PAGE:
Need advice on choosing the technology for intranet based application

Ian Bicking ianb at
Thu Sep 19 13:45:56 EDT 2002

On Wed, 2002-09-18 at 17:30, Nenad Propadovic wrote:
> Hello pythonistas,
> I'm about to write an application related to injury prevention in big
> industrial companies. It's supposed to be intranet-based (because the admins
> are reluctant to install it on x (where x>>1) clients). So: the client is a
> web-browser. I still don't know whether I will get a server on my own, or
> I'll have to fit into an unknown web server environment, both options being
> realistic.
> By now it seems the logic of the application will be simple. It's going to
> be a relational database with several tables, a modest number of users with
> write priviledges, some more with read priviledges only. Performance is not
> a big issue.
> The GUI has a part I consider complex: I have to present some statistics in
> form of charts or graphs.

I would encourage you to consider the graph-creation process to be
separate from the web interface.  You can program and debug this outside
of a web environment (e.g., just creating graphics files in a
directory), and then plug it into whatever environment you want -- CGI,
Webware, Skunkweb, etc.  Skunkweb isn't Windows-compatible, however,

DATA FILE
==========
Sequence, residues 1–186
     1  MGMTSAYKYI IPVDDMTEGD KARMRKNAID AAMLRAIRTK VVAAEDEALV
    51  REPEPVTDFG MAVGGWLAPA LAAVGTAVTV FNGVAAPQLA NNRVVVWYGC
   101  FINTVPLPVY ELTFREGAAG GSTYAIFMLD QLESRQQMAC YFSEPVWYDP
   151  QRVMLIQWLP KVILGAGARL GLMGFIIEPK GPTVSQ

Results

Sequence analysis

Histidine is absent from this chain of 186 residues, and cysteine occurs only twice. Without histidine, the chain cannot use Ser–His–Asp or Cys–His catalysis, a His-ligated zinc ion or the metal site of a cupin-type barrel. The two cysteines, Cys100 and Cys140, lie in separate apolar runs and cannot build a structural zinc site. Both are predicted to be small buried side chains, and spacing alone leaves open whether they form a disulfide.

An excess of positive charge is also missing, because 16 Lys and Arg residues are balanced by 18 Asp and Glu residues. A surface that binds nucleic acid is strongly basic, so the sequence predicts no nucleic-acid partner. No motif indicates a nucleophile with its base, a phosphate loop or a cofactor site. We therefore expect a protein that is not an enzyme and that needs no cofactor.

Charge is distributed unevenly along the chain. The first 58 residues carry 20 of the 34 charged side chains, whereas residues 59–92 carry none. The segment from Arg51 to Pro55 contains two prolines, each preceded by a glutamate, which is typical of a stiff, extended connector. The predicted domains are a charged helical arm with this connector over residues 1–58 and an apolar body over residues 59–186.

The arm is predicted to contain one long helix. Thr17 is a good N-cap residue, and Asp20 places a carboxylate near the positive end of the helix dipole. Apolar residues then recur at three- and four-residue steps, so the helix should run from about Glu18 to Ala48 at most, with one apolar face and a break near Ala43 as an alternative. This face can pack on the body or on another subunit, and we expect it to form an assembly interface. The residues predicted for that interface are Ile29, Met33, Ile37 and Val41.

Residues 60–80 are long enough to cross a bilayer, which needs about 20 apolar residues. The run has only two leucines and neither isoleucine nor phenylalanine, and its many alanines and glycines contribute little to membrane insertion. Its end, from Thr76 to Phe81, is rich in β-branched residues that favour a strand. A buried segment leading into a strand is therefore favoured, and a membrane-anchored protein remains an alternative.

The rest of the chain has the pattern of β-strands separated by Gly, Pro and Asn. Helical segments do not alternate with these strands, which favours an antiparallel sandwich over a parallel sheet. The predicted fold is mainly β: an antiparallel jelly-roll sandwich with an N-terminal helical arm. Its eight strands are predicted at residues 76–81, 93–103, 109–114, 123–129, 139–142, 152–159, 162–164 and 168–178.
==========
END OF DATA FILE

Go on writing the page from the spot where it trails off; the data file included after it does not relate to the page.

which may be a concern.  CGI is slow, but easy to install.  Webware
should install anywhere, but may take a bit more server setup -- if
possible I would recommend using Apache, but it doesn't rule out IIS. 
There's a bunch of other frameworks -- Quixote, Albatross, jonpy... I
can't remember them all, but they are all actually fairly similar in
scope.  I would *not* recommend Zope, which is a content management
application and framework, not a good web development framework.

CGI will be a little harder to program -- be sure to use cgitb if you go
that route -- but the application you describe sounds fairly

For the graphics, you may want Reportlab for nice reports, or another
graphic library if you want to inline the graphs in HTML pages.  I don't
believe PIL does what you want -- there are wrappers for gnuplot, and
there's a *ton* of other graphing packages (I think the scientists tend
to use lots of graphs and lots of Python).  Search Parnasus.


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